March 13 – Hackers are quick to capitalize on anything that’s trending, and ChatGPT is no exception. In November of 2022, the AI-powered chatbot launched with zero fanfare, but it rapidly gained worldwide attention and popularity.
ChatGPT can write presentable student essays, summarize research papers, answer questions well enough to pass medical exams, provide code for software development, translate content and more. While the world has attempted to make sense of this technology, hackers have found their own uses for it…
ChatGPT Facebook compromise
Cyber security analysts believe that a hacker may have compromised thousands of Facebook accounts, including business accounts, via a fake Chrome-based ChatGPT-themed browser extension.
Browser extension text read “Quick access to ChatGPT” and promised users an ultra-efficient means of interacting with the overwhelmingly popular Artificial Intelligence chatbot.
However, the browser extension also surreptitiously harvested people’s information, as collected by cookie trackers. Hackers also managed to install a backdoor in users’ devices that granted the malware’s owner admin access to Facebook accounts.
The aforementioned ChatGPT-related fraud is merely one example of the many ways in which threat actors have attempted to capitalize on public interest in ChatGPT to distribute malware and to turn a profit.
In another example of recent ChatGPT-related cyber criminal opportunism, a hacker set up a fake ChatGPT landing page that tricked people into “signing up” for the ChatGPT service. In reality, the landing page forced people to download malware.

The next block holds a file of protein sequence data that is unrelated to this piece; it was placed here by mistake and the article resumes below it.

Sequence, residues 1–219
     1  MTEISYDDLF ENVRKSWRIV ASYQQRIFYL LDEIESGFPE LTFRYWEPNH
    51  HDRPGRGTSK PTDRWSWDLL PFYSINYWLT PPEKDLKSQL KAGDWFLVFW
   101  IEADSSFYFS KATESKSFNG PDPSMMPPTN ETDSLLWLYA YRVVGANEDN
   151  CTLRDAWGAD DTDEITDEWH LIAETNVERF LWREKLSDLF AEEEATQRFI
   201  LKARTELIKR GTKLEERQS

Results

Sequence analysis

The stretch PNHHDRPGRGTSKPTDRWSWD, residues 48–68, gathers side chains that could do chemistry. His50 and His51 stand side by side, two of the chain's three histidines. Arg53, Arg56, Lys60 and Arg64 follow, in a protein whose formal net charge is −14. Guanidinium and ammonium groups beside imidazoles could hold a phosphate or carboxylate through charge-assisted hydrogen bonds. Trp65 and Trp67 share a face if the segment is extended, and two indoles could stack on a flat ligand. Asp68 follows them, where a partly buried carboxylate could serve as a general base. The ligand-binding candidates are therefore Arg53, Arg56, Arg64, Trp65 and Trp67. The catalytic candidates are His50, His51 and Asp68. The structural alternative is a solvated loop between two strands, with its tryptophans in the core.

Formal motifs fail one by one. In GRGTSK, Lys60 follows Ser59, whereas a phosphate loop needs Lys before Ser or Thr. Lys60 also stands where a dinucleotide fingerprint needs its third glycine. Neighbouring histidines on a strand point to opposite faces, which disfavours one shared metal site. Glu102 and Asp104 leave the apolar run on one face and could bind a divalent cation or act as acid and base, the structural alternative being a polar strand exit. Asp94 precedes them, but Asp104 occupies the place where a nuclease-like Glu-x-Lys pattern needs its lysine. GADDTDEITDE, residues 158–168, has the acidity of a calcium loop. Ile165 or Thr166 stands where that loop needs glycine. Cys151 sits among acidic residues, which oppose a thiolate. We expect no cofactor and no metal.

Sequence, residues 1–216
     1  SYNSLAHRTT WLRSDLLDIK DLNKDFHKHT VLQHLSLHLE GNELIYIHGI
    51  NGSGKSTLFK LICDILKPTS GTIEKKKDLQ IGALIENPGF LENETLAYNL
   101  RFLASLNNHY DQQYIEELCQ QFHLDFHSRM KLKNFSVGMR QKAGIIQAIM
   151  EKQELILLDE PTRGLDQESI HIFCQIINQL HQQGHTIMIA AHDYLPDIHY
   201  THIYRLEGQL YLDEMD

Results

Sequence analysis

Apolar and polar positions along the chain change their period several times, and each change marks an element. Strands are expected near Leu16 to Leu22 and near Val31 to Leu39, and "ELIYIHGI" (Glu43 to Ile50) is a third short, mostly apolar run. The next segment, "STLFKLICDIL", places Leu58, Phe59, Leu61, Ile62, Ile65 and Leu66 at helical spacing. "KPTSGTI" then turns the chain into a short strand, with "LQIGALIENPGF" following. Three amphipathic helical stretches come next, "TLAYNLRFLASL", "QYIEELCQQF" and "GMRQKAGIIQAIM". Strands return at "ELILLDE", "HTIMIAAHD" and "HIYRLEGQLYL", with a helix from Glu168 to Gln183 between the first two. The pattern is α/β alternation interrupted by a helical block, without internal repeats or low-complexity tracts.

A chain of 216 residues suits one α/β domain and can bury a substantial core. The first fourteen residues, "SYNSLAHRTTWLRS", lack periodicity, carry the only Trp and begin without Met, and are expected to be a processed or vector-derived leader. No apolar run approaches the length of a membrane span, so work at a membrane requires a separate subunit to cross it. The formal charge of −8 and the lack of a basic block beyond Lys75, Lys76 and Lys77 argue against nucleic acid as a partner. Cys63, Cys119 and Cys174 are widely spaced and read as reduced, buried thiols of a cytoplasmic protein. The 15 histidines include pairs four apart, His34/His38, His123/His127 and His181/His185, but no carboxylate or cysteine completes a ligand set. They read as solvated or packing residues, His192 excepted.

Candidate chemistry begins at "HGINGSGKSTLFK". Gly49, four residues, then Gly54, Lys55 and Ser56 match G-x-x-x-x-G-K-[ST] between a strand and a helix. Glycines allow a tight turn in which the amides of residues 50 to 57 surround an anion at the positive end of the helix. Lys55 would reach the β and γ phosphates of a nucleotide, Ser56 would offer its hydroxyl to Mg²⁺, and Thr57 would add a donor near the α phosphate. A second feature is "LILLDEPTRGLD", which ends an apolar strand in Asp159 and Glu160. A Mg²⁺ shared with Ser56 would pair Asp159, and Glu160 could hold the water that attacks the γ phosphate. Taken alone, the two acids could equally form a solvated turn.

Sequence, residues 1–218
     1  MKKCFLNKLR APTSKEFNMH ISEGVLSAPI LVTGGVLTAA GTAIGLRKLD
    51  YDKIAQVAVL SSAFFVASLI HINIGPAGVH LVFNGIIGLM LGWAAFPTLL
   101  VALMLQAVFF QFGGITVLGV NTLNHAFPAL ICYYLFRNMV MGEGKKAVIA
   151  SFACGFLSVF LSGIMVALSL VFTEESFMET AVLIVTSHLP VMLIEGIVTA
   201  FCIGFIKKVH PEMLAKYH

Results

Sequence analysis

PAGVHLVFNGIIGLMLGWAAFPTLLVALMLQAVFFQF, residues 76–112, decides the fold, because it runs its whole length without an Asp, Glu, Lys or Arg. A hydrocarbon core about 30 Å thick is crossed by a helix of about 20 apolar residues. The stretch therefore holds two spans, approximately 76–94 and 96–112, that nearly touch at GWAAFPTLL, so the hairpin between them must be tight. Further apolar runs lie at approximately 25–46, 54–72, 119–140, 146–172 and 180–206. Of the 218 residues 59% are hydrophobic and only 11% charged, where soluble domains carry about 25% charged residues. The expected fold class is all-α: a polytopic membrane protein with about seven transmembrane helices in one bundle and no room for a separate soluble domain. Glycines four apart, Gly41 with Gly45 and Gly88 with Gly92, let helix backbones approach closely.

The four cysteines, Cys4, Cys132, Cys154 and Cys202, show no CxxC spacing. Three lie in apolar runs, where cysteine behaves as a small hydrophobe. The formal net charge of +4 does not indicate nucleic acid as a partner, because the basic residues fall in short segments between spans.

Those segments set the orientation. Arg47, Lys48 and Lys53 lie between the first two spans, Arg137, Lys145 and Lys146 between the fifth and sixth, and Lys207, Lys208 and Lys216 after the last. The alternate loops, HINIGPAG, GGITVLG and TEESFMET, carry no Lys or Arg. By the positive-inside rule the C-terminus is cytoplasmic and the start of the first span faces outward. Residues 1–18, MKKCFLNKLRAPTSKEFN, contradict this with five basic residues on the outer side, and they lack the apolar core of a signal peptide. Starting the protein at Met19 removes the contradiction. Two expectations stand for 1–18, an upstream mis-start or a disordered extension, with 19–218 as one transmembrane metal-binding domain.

ChatGPT phishing emails
In addition to an uptick in ChatGPT-themed malware operations, researchers are also seeing ChatGPT-focused phishing emails. In at least one phishing scam, individuals across five different countries received unsolicited, fake links to ChatGPT.
If a user clicked on the link, the user was directed to a fake version of the chatbot, and was then asked to invest a certain amount of money. Prompts asked the user to input bank card details, an email address, ID credentials and a phone number.
Afterwards, a copycat version of ChatGPT was delivered to the user. This fake version of the chatbot offered a few pre-determined answers to users’ queries.
ChatGPT fraud insights
- Only access ChatGPT through its official website.
- Beware of unsolicited emails or messages that claim to be from ChatGPT and that ask for personal information; such as passwords or bank account numbers. ChatGPT will never request this information.
- In the event that you seem to have received a phishing email or message, do not reply to it or click on any links. Instead, report it to the appropriate authorities, such as your organization’s IT department or the Anti-Phishing working group.
For more insights into ChatGPT, please see CyberTalk.org’s past coverage. Lastly, to receive more cutting-edge cyber security news, best practices and analyses, please sign up for the CyberTalk.org newsletter.